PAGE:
Matthew Flinders – Participatory Arts and Active Citizenship

Cultural Value Project Blog

Reconnecting Communities:  The Politics of Art and the Art of Politics

What does arts and culture deliver in terms of social benefits? How can these benefits be demonstrated? What role do arts and culture play in re-engaging ‘disaffected democrats’? And can this offer further proof of the social value of arts and culture? An innovative new participatory arts project in South Yorkshire is examining the ‘politics of art’ and the ‘art of politics’ from a number of new angles.

‘The general value of arts and culture to society has long been assumed’ a recent report from the Arts Council acknowledges ‘while the specifics have just as long been debated’. It is this focus on the specifics that forms the rub because in times of relative prosperity there was little pressure from either public or private funders to demonstrate the broader social impact or relevance of the arts. In times of…

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Ten Easy Ways to get Kids into Opera

Opera Teen

To start with, I know that this story is old news now, but it still gives me the happy giggles. It’s so refreshing to hear about a mother, father, or friend that takes a child to their first opera and a young fan is born. In case of this story, a mother took her nine year old daughter to see a family presentation of Carmen. When she enjoyed it, her mother took her back to see “Rigoletto” at the San Francisco opera, and even though “Rigoletto” deals with some pretty adult themes, as do many operas, the child was hooked.

Not only do these stories give us hope, as a generation of opera fans always ready initiate another into our cult group of enthusiastic opera lovers, but they make us excited! This art form isn’t even close to dead. Opera just needs revising. Suppose you write an essay: You read…

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Longitudinal data on the effects of learning an instrument

Fantastic to see this data!

Music Education Works

SOEP study

The German Socio-Economic Panel study (SOEP) is believed by its authors to be the best
available longitudinal data set for studying the effects of learning a musical instrument.

Its most recent report by Adrian Hille and Jürgen Schupp, concludes that even after controlling for a large number of social background characteristics, there are strong differences in terms of cognitive and non-cognitive skills between adolescents who learned a musical instrument during childhood and those who did not. Learning a musical instrument is associated with better cognitive skills and school grades as well as higher conscientiousness, openness, and ambition. Music improves cognitive and non-cognitive skills more than twice as much as sports, theatre or dance. These effects do not differ by socio-economic status.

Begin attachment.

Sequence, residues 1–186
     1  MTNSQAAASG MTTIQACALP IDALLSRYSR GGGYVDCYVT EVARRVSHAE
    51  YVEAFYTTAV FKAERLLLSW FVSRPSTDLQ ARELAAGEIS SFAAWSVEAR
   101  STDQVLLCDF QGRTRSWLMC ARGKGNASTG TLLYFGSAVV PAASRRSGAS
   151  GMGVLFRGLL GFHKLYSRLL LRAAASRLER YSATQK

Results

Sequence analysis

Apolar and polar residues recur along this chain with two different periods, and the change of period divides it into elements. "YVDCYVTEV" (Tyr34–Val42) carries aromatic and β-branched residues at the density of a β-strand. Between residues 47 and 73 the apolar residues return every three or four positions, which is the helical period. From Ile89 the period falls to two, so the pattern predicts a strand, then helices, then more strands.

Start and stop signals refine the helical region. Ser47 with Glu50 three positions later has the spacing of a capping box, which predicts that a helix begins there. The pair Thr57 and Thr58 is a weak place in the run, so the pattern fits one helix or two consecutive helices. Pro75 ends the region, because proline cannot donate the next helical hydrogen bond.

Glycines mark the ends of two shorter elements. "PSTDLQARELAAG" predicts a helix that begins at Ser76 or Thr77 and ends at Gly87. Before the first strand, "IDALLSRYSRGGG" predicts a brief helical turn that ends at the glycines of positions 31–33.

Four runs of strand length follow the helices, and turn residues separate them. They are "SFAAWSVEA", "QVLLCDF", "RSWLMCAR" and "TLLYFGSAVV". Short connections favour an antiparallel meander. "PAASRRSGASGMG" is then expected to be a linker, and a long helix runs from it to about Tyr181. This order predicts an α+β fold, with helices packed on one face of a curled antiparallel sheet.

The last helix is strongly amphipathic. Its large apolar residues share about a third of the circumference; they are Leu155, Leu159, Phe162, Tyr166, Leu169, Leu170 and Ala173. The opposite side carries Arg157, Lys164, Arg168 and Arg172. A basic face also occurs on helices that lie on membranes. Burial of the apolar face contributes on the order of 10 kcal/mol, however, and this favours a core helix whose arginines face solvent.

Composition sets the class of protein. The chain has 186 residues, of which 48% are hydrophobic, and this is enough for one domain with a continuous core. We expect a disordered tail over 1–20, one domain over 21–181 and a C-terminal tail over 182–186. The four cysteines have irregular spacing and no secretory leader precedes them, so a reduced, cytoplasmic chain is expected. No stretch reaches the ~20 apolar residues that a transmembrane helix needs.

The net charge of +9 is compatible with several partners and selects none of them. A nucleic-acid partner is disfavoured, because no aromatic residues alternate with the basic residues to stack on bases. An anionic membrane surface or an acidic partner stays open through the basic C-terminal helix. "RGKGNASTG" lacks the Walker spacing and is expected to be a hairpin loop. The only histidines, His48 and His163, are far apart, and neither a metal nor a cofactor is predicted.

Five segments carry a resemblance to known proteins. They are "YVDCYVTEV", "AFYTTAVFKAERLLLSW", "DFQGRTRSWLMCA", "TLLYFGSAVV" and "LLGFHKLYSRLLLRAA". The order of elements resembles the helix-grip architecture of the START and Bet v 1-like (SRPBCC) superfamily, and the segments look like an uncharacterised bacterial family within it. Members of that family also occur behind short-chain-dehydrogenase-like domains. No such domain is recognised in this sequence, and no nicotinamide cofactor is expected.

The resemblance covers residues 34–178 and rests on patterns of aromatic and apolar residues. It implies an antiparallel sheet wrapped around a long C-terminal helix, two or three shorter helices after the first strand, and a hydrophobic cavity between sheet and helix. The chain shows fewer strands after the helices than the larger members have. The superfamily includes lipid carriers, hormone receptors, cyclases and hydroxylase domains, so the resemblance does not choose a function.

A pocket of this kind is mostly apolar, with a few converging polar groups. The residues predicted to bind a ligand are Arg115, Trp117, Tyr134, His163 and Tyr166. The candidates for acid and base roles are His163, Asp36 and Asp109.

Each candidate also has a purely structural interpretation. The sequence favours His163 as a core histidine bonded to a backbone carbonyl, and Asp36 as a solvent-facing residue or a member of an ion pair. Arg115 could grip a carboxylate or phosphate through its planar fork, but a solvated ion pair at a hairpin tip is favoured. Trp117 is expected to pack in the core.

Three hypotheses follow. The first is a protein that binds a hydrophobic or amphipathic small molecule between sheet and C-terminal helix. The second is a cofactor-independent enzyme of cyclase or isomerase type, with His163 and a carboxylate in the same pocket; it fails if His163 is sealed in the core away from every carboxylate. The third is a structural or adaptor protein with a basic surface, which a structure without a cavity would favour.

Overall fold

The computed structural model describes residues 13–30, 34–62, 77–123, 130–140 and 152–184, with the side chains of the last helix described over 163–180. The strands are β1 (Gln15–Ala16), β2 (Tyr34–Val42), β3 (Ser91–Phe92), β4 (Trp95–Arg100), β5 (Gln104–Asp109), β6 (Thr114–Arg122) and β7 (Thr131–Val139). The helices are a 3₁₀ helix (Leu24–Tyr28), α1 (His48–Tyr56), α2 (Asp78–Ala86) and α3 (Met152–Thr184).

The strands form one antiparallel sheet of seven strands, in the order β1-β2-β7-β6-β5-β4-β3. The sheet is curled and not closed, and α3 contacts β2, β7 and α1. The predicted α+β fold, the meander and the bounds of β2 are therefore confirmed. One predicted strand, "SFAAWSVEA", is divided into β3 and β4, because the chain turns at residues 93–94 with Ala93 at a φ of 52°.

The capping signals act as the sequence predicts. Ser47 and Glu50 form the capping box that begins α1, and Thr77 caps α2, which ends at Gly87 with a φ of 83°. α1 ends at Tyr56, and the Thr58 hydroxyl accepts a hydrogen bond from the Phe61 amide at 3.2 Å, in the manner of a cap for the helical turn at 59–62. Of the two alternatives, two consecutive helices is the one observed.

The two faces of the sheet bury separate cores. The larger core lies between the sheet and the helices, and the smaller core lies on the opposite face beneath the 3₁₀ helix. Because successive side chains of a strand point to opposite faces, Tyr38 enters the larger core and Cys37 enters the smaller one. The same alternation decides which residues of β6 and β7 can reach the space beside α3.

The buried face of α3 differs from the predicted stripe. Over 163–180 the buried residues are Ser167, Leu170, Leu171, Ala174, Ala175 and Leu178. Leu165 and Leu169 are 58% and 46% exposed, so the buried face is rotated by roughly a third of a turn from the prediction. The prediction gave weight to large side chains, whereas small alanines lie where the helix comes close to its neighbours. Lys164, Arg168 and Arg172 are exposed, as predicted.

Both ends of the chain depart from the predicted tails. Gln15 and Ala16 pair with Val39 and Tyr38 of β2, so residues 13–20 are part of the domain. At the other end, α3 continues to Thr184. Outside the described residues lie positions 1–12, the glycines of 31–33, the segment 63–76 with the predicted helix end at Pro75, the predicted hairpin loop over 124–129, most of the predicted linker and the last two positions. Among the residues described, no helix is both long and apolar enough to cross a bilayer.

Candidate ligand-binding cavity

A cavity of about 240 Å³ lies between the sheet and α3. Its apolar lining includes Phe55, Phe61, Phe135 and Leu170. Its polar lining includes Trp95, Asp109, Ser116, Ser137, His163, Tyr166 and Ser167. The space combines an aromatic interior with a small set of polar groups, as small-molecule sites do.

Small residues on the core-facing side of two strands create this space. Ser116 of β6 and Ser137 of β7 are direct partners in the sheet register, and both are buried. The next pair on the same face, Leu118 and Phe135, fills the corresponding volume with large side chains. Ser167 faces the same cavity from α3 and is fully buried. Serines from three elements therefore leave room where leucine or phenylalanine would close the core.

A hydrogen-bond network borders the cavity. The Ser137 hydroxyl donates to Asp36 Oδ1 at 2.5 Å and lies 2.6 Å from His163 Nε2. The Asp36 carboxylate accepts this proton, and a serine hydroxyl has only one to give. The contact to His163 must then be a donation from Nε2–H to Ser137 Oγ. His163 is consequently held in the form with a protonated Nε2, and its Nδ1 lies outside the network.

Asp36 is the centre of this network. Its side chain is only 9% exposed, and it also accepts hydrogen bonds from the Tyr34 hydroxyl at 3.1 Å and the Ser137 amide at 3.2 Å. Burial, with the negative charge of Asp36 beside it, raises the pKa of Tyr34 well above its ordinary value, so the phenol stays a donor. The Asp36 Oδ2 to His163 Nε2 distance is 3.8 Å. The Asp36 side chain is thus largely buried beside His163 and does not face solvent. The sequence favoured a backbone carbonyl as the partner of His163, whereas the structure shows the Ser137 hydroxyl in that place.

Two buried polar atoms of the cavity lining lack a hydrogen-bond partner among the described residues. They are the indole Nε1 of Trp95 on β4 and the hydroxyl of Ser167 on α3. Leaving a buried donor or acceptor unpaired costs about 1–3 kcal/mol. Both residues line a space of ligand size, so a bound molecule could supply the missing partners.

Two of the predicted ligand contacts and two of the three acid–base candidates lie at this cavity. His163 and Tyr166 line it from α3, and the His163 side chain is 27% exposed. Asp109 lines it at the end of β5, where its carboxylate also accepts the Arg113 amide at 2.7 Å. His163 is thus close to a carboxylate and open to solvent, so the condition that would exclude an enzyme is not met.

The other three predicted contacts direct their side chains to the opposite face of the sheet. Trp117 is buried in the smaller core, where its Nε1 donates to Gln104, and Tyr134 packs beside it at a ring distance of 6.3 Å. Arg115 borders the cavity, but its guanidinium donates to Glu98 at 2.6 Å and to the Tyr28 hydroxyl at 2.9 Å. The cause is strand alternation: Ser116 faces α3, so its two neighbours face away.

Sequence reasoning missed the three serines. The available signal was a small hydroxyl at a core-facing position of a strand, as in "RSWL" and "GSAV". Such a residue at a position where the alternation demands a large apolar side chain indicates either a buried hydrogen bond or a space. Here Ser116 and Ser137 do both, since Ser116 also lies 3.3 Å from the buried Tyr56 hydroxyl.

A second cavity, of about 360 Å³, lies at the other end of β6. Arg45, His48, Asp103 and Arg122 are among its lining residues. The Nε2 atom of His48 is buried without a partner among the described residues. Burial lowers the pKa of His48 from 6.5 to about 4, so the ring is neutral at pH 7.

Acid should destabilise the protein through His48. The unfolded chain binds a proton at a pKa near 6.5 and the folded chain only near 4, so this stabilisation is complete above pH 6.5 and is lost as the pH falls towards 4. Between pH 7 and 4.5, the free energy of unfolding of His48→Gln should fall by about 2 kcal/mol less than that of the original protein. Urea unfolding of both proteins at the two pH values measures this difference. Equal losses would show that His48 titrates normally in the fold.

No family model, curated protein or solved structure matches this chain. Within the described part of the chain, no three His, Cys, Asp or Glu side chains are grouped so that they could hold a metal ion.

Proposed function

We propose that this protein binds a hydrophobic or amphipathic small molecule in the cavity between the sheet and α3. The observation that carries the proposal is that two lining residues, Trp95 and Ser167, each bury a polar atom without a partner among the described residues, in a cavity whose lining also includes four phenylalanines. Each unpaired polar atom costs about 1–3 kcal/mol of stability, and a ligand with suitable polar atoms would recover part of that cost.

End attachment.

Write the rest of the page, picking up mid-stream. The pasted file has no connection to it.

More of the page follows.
SOURCE:

http://www.diw.de/documents/publikationen/73/diw_01.c.429221.de/diw_sp0591.pdf

DETAILS:

BENEFIT: Cognitive development
TARGET GROUP: Young people
AGE: 8-17 years
MUSIC TYPE: Learning an instrument
TYPE OF STUDY: Academic research – household panel study
NOs INVOLVED: 3,369
PERIOD OF STUDY: Not relevant
DATE: 2013
PLACE: Germany

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Active participation in music can rewire young people’s brains

Great evidence for music training!

Music Education Works

In Harmony students Photo of In Harmony students – with permission of Dr Nina Kraus

Dr Nina Kraus’s longitudinal study into the effects of music training on disadvantaged young people in Los Angeles , has been looking at the importance of active participation in music.

The research concludes that the level of participation – attendance at classes, practice – affects the changes that result in the brain and the related reading scores.

SOURCE:

Time Magazine: http://time.com/3634995/study-kids-engaged-music-class-for-benefits-northwestern/#

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